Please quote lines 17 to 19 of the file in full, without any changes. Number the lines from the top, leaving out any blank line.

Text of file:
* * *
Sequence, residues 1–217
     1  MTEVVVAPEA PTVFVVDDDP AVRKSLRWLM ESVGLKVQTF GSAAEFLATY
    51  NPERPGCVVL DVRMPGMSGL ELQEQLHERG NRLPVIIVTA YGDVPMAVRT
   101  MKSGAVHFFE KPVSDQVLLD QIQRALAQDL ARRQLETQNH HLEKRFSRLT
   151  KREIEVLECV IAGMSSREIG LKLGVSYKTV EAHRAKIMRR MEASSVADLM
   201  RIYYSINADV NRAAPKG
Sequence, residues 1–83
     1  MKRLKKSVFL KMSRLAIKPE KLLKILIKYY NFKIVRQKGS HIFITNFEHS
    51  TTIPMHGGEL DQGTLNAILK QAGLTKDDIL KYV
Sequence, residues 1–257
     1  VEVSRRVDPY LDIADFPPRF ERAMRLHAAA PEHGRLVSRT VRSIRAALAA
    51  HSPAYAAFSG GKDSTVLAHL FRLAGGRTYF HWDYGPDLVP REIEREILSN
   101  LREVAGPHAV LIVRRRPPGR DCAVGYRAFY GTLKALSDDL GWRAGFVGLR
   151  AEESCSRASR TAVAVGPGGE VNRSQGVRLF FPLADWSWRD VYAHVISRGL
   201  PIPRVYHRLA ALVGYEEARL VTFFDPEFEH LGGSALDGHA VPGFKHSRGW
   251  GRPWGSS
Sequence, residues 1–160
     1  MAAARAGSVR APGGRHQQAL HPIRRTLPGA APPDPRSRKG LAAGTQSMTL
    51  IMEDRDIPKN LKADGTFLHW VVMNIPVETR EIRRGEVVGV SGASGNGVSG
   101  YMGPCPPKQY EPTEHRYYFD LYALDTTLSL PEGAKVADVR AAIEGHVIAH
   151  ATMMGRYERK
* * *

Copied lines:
Sequence, residues 1–160
     1  MAAARAGSVR APGGRHQQAL HPIRRTLPGA APPDPRSRKG LAAGTQSMTL
    51  IMEDRDIPKN LKADGTFLHW VVMNIPVETR EIRRGEVVGV SGASGNGVSG